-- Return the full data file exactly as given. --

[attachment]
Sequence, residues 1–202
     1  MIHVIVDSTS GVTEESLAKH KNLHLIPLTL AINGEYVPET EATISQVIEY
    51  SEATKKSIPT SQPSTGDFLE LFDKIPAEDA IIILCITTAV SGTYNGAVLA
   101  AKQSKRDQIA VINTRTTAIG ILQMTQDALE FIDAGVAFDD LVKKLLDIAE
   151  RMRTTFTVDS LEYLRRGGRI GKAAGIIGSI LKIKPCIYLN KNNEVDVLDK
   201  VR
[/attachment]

Sequence, residues 1–202
     1  MIHVIVDSTS GVTEESLAKH KNLHLIPLTL AINGEYVPET EATISQVIEY
    51  SEATKKSIPT SQPSTGDFLE LFDKIPAEDA IIILCITTAV SGTYNGAVLA
   101  AKQSKRDQIA VINTRTTAIG ILQMTQDALE FIDAGVAFDD LVKKLLDIAE
   151  RMRTTFTVDS LEYLRRGGRI GKAAGIIGSI LKIKPCIYLN KNNEVDVLDK
   201  VR